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    @Trilarion Debtors had to sell their stock back to the broker really cheap because no one else would buy it. Even if the stock broker winds up owning a huge amount of stock in the end, it's effectively worthless because no one wants to buy it. Stock is only worth what someone else will pay for it. The brokers wind up having lent money in dollars that they can't recoup, and assets in the form of stock that don't make up the difference. Commented Mar 20, 2018 at 13:42
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    @Trilarion: Perhaps the money the brokers were lending was in part (or indeed, in whole) borrowed from other people? So when the people who've bought on margin can't repay the brokers, the brokers can't repay the people they've borrowed from.
    – jamesqf
    Commented Mar 20, 2018 at 18:36
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    Small correction: the amount of currency in circulation is less than the amount of all money in circulation (wiki "Money supply"), which is less than the value of all assets. So the fact brokers lent out more money than extant currency doesn't mean "it could never be repaid." Commented Mar 20, 2018 at 19:33

Brokers went bust due to an aspect of investing that isn't often covered by mainstream media: the margin call.

When you buy stocks on margin, meaning you're borrowing the money to buy a lot of the stocks, who puts up the rest of the money? The broker.

Buy $10k worth of stock at the 15% margin allowable in the 1920's, and you only paid $1500. So if it goes up in price, you get 100% of the increased price. Wow, isn't that great?

But, if it goes down below what you paid the 15% on, you eat 100% of the loss, and you're expected to pay the difference right now so the broker doesn't lose their equity. That's the margin call... in those days, it was literally a call from the broker you didn't want to get.

If your $10k of stock you only put up $1500 for drops to $8k, you now owe your stockbroker another $2k, and you get nothing for that $2k, just the stock you thought you owned. You do have that $2k, don't you? Or did you buy more stock on margin with that, figuring you'd cash in even more? Oops, looks like you'll have to sell off some of your other stock to make that margin call, only your other stock has just plunged in value, so you have margin calls on that, too.

This worked well as long as a lot of people were pouring money into the market and it kept going up. It doesn't work well if the stock prices drop. That tends to spook margin investors into selling everything just to limit their losses, especially if they only put up 15% to buy in but are on the hook for 100% if the price drops.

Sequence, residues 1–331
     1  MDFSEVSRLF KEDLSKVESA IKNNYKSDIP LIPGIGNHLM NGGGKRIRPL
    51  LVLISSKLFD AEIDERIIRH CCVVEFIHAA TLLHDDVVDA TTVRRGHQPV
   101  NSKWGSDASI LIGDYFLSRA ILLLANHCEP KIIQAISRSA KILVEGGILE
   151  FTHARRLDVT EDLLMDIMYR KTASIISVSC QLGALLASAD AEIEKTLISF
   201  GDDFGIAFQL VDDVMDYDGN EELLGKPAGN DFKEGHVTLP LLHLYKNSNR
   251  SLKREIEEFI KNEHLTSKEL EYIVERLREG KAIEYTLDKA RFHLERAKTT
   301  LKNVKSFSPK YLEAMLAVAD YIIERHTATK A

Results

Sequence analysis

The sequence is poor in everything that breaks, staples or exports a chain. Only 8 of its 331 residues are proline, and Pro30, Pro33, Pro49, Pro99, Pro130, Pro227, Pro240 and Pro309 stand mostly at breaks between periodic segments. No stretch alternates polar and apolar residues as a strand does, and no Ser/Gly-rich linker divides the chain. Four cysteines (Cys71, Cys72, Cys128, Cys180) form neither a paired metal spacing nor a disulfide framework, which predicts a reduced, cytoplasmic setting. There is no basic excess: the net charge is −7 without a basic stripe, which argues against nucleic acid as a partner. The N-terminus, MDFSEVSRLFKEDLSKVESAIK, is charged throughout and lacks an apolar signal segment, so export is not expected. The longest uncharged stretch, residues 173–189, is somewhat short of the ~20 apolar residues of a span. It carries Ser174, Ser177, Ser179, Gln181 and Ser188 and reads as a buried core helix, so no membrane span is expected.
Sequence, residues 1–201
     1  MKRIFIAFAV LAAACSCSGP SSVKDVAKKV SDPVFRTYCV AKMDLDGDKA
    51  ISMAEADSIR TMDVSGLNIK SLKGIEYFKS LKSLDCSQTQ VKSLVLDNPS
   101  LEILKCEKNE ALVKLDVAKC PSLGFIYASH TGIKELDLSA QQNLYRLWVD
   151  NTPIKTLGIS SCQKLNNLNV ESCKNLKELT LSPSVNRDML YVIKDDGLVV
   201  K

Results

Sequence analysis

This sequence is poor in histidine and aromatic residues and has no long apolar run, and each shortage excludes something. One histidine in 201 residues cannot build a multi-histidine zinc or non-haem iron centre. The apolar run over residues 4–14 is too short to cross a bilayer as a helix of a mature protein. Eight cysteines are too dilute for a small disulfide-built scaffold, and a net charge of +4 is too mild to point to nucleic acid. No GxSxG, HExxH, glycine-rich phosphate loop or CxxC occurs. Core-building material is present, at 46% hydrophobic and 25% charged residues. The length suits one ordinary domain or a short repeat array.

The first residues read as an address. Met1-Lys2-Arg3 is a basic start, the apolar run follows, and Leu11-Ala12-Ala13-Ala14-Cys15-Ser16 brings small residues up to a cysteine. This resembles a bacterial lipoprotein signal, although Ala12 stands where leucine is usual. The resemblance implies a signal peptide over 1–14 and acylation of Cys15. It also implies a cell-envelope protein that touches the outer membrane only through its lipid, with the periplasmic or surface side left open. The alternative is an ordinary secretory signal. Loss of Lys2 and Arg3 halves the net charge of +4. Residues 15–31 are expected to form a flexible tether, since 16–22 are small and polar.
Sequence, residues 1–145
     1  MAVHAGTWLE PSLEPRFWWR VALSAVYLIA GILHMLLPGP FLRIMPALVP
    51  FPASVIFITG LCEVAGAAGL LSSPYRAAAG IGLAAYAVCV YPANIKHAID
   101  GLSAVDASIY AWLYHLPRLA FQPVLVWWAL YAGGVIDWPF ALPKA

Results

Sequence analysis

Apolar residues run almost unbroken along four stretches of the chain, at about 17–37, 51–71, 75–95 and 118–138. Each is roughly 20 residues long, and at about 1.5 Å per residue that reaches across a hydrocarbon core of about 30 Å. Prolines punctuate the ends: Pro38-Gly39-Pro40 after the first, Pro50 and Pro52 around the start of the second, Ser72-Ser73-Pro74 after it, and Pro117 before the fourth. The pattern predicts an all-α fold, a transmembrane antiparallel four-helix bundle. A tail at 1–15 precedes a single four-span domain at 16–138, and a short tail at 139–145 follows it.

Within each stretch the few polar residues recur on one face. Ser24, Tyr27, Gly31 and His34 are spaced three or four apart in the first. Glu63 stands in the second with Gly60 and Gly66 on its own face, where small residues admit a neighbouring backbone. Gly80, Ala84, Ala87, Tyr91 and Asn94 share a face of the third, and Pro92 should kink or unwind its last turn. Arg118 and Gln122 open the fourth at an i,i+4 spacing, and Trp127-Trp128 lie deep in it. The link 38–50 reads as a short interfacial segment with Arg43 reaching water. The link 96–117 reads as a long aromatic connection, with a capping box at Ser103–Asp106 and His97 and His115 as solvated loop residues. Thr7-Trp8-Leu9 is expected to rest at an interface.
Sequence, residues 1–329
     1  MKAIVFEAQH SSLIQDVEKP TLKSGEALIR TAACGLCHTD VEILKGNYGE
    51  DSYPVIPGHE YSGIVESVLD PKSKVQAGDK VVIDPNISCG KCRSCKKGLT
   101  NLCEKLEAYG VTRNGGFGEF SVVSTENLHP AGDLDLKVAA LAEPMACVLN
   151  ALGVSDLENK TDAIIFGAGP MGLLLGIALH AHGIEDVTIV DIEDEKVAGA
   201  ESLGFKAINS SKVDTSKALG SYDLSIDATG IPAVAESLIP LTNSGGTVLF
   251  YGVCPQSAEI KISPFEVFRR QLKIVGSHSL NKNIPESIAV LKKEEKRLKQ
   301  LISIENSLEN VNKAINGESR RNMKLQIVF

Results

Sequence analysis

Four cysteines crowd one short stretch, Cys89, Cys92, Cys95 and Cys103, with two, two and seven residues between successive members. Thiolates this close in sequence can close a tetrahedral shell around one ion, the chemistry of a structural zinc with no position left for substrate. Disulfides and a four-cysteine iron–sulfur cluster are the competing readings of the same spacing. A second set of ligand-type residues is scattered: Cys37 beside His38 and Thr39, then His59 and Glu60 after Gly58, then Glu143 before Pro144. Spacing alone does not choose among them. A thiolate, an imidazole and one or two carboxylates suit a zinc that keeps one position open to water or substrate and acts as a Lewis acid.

And if the market in general consists mostly of margin investors, as it did in the 1920's, even a small overall stock drop can spook a lot of people into selling, which accelerates the price drop because there aren't that many buyers...

If you wonder why some investors even today will sell stock that slips just a little, that's one reason why. They bought on a 50% margin, and want to limit their losses.

So that's what happened in 1928... prices started to drop, people started selling to cover their margin calls, no one was buying, the price really dropped, even more margin calls. You, who put up $1500 for $10k of stock that's only worth $1k now, don't have $9k, so you default on your broker.

And your broker... um... went broke because most of their clients couldn't make good on the margin calls. Add in the fact that the 1920's broker was getting their money that they loaned you by borrowing on their stocks (which were also highly inflated in value), and the whole thing became a house of cards that collapsed, because there wasn't nearly the hard currency backing the market up that everyone thought there was.

To a degree, this was mirrored in the 2007 real estate crash. Inflated prices, speculators borrowing beyond their means, and when real estate prices plummeted, the banks and investment houses that put up the mortgage expect you to pay the difference between what they loaned and what the house is now worth (it's in the mortgage agreement, in the fine print), and you don't have that money.

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    A related issue many people fail to recognize is that when a stock price crashes, it's impossible for everyone to sell fast enough to beat the crash. The best one can hope to do is sell before the other shareholders do, so they have to take the losses instead of you.
    – supercat
    Commented Mar 22, 2018 at 17:31
  • to sell fast enough - not just that but in order to sell you have to have a buyer. If the stock is crashing and there are no buy orders to fill you may not be able to sell at all.
    – pbhj
    Commented Mar 25, 2018 at 4:42
  • @supercat: Movie "Margin Call" (2011) is about exactly this. I recommend. :) Commented Mar 26, 2018 at 8:06
  • @pbhj: That's true, but the key point is that there is almost always a short-term limit to the total amount of stock that may be sold at any given price; no matter how fast people try to sell, the only way they'll be able to sell more than that is by accepting a lower price.
    – supercat
    Commented Mar 26, 2018 at 16:18
  • @pbhj hence why you have to sell before everyone else starts selling. Obviously, by definition, most people can't do that. Commented Mar 26, 2018 at 21:36

Well the most basic answer is people were buying fewer shares for less and their commissions went down. So even if they didn't lose money there income falls and they now can't pay their debt, salaries or rent.